Citi beat earnings expectations with a non-adjusted earnings per share of $US1.30 and revenues of $US20.1 billion. In Q1, analyst expect earnings per share to come in at $US1.14 with a quarterly revenue of $US19.7 billion, according to data compiled by Bloomberg.
The bank also reporter a profit of $US3.94 billion, up slightly from $US3.81 billionat the same time last year. The stock is up 2.85% in premarket trading.
It’s safe to say that Citi has had the roughest 2014 of all the largest Wall Street banks. Two events have been most damaging. First Citi’s Mexican subsidiary was accused of defrauding clients and suspicious money laundering activity. And second the Fed deemed the bank unfit to return capital to shareholders due to a poor risk management strategy.
Needless to say, analysts across Wall Street have not been happy about that.
“I’m adamant that Citi cannot afford to have business as usual,” CLSA’s Mike Mayo told Business Insider. “Investors will be more furious if Citi treats the value of the stress test as simply a delay in the strategy that they had already planned.”
Many still see a lot of upside in the bank’s strategy over the next two years, though. It’s just that without the Fed’s approval, it’s going to be hard to make shareholders happy. CEO Michael Corbat addressed that in his statement Monday morning.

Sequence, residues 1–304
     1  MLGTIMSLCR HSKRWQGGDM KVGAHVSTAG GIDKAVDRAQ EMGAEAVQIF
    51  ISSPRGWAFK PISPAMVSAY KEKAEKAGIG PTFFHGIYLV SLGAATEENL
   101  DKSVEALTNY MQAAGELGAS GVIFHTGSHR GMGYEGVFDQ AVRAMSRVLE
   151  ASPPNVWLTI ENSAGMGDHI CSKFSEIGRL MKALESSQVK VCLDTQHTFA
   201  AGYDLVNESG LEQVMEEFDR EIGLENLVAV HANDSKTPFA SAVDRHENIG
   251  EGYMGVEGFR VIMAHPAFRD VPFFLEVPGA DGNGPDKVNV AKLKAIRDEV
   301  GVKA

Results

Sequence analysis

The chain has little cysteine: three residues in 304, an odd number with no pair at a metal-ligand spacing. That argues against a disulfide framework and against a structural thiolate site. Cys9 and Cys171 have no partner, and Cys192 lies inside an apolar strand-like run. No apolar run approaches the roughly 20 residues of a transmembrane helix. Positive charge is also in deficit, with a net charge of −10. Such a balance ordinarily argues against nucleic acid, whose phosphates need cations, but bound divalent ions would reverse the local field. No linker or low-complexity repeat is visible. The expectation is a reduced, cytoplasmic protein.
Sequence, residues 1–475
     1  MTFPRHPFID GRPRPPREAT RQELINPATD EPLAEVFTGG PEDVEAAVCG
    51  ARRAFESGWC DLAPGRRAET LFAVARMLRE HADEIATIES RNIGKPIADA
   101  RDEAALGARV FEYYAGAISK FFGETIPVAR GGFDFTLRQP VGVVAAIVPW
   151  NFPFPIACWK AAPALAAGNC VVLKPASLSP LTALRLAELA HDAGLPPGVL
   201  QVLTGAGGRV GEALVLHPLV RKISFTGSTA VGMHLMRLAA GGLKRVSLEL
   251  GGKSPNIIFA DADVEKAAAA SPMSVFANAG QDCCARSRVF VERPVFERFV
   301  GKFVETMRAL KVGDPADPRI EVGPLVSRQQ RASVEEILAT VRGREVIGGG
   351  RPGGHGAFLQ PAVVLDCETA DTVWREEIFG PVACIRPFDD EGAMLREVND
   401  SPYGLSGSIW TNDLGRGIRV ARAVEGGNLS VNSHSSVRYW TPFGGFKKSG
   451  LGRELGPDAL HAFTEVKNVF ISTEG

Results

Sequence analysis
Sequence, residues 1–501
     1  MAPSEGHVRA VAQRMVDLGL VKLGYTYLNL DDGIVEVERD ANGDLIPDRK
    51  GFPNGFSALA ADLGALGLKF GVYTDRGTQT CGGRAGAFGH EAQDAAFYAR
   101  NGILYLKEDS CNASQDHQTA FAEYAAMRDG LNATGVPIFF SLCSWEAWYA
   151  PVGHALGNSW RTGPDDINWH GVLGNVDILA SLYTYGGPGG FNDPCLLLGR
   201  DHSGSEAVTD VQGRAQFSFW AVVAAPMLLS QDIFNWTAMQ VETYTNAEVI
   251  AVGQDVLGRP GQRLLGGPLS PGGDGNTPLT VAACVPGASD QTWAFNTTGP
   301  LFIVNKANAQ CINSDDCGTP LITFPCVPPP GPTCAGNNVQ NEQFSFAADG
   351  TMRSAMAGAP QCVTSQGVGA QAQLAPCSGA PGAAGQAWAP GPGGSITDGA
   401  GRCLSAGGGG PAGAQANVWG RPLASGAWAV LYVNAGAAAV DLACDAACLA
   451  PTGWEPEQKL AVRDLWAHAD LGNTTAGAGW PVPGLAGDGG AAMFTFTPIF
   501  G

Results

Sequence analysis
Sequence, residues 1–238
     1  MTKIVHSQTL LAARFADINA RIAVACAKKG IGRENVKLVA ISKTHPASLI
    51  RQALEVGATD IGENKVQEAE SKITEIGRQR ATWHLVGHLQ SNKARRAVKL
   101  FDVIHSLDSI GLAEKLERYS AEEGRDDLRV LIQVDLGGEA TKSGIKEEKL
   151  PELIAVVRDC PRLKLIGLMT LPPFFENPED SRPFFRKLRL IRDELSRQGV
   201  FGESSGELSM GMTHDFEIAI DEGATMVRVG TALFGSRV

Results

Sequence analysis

“Despite a quarter that was difficult for our company, we delivered strong results,” said Corbat…”Very cognisant of our shareholders desire to see a sustainable return of capital, we are engaged with the Fed to better understand their expectations regarding the CCAR process. We are committed to bringing our capital planning process to the highest possible standards, befitting an institution of our global reach. I will dedicate whatever resources and make whatever changes necessary to achieve this critical goal,” Mr. Corbat concluded.
Meanwhile, the issue of CEO pay is also getting a lot of attention at the bank once again. Back when Vikram Pandit was in charge, shareholders voted against his $US14.9 million pay package. This year two proxy firms are urging shareholders to vote against the company’s executive pay package. They will slug that out at Citi’s annual meeting in St. Louis on April 22nd.